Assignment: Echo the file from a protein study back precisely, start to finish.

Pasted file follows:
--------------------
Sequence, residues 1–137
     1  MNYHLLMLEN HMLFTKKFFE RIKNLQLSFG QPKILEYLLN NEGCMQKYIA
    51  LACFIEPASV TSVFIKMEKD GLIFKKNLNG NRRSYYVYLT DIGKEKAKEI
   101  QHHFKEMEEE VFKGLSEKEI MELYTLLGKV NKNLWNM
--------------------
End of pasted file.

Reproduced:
Sequence, residues 1–137
     1  MNYHLLMLEN HMLFTKKFFE RIKNLQLSFG QPKILEYLLN NEGCMQKYIA
    51  LACFIEPASV TSVFIKMEKD GLIFKKNLNG NRRSYYVYLT DIGKEKAKEI
   101  QHHFKEMEEE VFKGLSEKEI MELYTLLGKV NKNLWNM